Source: ARRL News December 10, 2015
The FCC Enforcement Bureau has entered into a consent decree with a Florida radio amateur to resolve an investigation into whether the licensee violated Sections 97.113(b) and 97.119(a) of the FCC rules by transmitting one-way communications and failing to identify. As part of the deal, Thomas J. Warren, K3TW, of Lecanto, Florida, will pay a monetary penalty. The FCC issued an Order incorporating the Consent Decree on December 9 in the case, which dates back to June 2015.
“In response to complaints that an unidentified station was transmitting on an Amateur Radio frequency at 14 MHz, FCC agents determined that the transmissions were coming from Mr Warren’s residence,” the FCC said in its December 9 Order. “To settle this matter, Mr Warren admits that he failed to transmit his assigned call sign, violated the Commission’s rules, will report any noncompliance with rules governing the Amateur Radio Service, and will pay a $3500 civil penalty.”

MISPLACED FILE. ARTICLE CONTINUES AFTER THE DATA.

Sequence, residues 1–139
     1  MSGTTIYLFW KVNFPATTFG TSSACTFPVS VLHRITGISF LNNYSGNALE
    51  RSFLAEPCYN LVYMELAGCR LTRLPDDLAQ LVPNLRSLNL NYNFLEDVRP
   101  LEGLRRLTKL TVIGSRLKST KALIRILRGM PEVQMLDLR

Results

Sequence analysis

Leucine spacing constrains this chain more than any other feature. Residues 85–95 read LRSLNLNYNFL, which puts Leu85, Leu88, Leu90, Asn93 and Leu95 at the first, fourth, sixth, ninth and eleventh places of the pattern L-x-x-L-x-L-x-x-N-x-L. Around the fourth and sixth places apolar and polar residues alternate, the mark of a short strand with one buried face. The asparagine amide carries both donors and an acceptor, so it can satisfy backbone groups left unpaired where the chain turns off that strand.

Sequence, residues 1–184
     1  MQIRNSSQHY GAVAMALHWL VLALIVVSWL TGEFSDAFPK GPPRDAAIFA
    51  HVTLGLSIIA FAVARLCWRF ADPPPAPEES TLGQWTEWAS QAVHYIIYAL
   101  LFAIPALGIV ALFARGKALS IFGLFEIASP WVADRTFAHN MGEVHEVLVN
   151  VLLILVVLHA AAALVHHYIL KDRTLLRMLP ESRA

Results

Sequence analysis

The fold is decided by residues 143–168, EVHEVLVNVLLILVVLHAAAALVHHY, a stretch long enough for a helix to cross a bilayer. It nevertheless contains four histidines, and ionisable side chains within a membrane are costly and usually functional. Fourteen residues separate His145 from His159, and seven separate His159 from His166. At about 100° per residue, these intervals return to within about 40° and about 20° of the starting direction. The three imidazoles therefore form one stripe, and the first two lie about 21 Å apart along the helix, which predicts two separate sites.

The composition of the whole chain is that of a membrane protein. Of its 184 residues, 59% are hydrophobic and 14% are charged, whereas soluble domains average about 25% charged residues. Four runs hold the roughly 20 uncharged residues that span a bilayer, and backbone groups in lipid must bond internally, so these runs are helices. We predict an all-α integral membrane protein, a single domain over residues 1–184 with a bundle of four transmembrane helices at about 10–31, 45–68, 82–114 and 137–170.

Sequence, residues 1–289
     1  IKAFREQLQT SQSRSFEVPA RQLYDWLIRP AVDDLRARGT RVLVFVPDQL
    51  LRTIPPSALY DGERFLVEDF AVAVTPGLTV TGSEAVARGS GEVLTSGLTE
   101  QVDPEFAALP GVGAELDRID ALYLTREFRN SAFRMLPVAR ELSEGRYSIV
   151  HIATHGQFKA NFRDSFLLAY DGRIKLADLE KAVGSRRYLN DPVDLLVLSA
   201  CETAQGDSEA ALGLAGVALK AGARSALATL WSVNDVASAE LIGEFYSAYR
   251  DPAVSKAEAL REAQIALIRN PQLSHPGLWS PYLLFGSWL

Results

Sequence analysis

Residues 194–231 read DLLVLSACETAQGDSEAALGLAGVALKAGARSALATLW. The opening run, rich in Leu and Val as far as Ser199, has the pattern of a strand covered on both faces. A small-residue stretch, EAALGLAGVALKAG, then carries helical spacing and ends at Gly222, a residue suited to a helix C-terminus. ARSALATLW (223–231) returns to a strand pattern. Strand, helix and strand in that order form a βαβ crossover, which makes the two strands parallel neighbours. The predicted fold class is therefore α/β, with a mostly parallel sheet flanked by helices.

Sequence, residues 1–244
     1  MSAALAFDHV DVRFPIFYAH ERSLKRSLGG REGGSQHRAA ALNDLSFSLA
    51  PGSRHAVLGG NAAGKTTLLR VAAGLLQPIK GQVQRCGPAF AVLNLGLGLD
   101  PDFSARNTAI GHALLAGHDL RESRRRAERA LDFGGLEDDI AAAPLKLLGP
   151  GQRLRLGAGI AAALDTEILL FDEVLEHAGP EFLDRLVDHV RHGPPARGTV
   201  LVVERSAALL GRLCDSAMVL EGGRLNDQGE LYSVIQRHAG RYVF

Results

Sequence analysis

The Consent Decree provided a few more details of the case. The FCC recounted that, after tracking down the unidentified transmissions to Warren’s residence, Warren conceded that he had not identified at least some transmissions that he’d made that day. “The agents issued an on-scene written warning to Mr Warren regarding the violations,” the FCC said in the Consent Decree. “In his written response to the warning, Mr Warren acknowledged that he may have failed to transmit his station identification as required on June 25, 2015.”
According to the Consent Decree, Warren’s transmissions “related to an ongoing dispute with another Amateur Radio operator, whose intentional interference had allegedly disrupted communications on the American Foreign Service Net that operates weekly on 14.316 MHz.”
The FCC said the Consent Decree terminates its investigation, and that it will not use facts established during the investigation and through the effective date of the Consent Decree to institute any new proceeding or take further action against Warren regarding the matters that were the subject of the investigation.